And so the fort fell.
After being out-shot for 10 years in Cardiff, the French Revolution is well and truly alive while Les Blues stormed a rather insurmountable castle with an epic victory to end their dodgy decade.
It all came in glorious tricolor. A first win in Wales since 2010 has the French dream of a first Grand Slam since then.
France won a huge win against Wales in Cardiff to keep their Six Nations dream alive
Romain Ntamack impressed with 17 points while the Grand Slam ambitions of France continue
Forget about fraternité, the French canalized Shaun Edwards-inspired brutalité here in defense.
And thanks to 17 points from Romain Ntamack and other attempts by Anthony Bouthier and Paul Willemse, they inflicted the first home defeat of Wales in the Six Nations for three years.
Wales only scored through Dillon Lewis and Dan Biggar’s late-on, who kicked the rest of their runs, but they ruined cruelty.
Full-back Anthony Bouthier crossed the line after a happy jump for France’s first attempt
Striker Paul Willemse flew over the line for the visitors’ second attempt while Wales struggled
The fly-half of Wales retained the Welsh in the game with penalties during the first half
The champions are now out of the fight, the Wayne Pivac era sober with a double hump.
Since 2017 they are no longer lost in this championship.
The atmosphere broke, crackled and popped under the roof – you felt as if you had been transported to the Stade de France with a lid on it.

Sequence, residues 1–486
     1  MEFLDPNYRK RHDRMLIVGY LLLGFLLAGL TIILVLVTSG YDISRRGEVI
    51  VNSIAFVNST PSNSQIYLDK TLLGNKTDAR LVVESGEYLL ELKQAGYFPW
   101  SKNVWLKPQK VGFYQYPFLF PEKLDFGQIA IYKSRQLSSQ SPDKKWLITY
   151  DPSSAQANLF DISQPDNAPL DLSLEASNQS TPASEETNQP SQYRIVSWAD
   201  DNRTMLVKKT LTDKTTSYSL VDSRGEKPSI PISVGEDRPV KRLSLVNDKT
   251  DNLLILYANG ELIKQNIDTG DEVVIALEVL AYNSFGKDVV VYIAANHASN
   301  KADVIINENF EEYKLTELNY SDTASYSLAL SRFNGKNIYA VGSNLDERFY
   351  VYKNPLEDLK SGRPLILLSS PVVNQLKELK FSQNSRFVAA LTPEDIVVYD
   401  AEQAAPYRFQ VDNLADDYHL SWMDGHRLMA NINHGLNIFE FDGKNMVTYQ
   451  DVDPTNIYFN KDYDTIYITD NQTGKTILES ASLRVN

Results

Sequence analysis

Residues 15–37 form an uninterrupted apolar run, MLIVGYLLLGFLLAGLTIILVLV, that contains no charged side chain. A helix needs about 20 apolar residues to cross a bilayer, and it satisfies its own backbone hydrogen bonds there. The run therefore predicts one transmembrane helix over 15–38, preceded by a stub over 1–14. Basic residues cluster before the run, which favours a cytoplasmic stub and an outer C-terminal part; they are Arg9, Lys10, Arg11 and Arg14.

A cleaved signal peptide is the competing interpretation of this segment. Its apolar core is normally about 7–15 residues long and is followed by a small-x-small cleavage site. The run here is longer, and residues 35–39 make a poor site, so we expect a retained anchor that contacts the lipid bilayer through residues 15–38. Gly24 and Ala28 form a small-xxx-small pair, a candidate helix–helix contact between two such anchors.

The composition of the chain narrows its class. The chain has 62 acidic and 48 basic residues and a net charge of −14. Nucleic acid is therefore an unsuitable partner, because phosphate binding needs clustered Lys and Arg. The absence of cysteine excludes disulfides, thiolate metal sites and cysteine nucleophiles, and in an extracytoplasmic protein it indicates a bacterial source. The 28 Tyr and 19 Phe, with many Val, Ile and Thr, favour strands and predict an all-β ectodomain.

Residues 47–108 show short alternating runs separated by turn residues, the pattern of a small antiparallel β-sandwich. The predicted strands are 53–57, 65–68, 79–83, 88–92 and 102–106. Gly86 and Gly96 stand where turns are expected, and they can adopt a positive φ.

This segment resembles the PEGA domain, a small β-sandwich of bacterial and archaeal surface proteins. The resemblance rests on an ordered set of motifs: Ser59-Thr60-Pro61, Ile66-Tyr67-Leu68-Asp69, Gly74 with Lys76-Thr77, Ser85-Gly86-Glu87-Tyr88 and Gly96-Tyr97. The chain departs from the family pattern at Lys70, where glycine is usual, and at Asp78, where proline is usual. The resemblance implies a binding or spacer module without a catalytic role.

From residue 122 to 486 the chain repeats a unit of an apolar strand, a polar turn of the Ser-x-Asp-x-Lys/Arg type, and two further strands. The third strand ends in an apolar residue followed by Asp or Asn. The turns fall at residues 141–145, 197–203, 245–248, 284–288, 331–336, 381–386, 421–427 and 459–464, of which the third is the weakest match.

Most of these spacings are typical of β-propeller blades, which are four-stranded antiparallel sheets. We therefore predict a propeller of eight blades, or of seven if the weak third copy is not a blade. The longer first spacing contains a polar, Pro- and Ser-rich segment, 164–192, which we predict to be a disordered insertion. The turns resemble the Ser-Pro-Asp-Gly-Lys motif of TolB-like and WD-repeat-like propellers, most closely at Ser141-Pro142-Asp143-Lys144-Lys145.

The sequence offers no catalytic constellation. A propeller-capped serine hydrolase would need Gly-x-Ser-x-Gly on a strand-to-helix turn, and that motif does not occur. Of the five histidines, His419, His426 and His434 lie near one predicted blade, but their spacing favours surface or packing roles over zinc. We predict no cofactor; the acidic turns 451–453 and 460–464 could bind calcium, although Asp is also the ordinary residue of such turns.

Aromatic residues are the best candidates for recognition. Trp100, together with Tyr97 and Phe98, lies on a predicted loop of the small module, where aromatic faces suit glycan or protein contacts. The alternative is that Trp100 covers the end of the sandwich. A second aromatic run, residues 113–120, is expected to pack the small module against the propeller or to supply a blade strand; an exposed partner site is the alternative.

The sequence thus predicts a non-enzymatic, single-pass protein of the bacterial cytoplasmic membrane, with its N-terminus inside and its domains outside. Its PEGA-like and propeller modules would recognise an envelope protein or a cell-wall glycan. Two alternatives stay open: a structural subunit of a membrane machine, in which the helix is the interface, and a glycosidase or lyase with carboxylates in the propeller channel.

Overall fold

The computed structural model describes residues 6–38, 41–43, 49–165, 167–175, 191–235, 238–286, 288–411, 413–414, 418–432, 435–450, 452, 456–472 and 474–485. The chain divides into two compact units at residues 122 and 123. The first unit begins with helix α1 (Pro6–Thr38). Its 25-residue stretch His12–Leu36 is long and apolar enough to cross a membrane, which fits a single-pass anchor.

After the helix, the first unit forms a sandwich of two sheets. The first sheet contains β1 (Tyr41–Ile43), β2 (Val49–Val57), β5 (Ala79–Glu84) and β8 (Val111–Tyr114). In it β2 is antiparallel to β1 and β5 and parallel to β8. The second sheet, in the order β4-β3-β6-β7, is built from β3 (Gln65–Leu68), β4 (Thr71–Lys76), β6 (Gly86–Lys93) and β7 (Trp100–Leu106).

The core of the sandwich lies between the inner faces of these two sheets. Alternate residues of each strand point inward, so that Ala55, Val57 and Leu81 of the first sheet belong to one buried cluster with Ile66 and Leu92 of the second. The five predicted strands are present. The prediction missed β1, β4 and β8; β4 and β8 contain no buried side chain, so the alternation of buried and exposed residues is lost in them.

The thousands of beret-carrying, baguette-wielding Frenchman had a riot. ‘Allez Les Blues’ rumbled across the floor and the Welsh were silenced by a deafening roar.
The soundtrack of the stands supported the action. Fiesty, fiery and fiery; this was a late introduction to the Six Nations.
Welcome back to the ‘biggest’ championship, which until now was anything but memorable.
Center Nick Tompkins was an impressive artist for the hosts with his line breaks
The game was played with a very high intensity and it almost boiled over at the Prinicpality
Prop Dillon Lewis scored his first international attempt for Wales early in the second half
And it was all thanks to the French that this occasion tore with color and excitement. It is quite remarkable how much a man can have on a team.
Shaun Edwards – so celebrated in this parish – was in the other box and his French defense was gluttonous just like the Welsh before.
They tied up ruffles that might have seemed lost, whizzed up to slap the Welsh and made a thumping pace.
Biggar hit an early penalty when the French were too eager and offside, but then Les Bleus came.
Ntamack launched a high bomb, Leigh Halfpenny failed to spread it and the thing exploded in Welsh faces when Bouthier fired away to score after he collected the loose ball. Ntamack converted.
Romain Ntamack then intercepted the ball, ran the field and scored for France
Wales tried a similar trick – cross-kicking from Biggar to George North on the right wing – but trying to catch him, he slapped Gael Fickou’s shoulder with his head and quickly looked groggy.
Wales: Halfpenny, North, Adams, Tompkins, Parkes, Biggar, G.Davies; W. Jones, Owens, Lewis, A.W Jones, Ball, Moriarty, Tipuric, Faletau.
Subs: Elias, Evans, Brown, Rowlands, Wainwright, T.Williams, Evans, McNicholl.
Tries: Lewis, Biggar.
Pens: Biggar (3).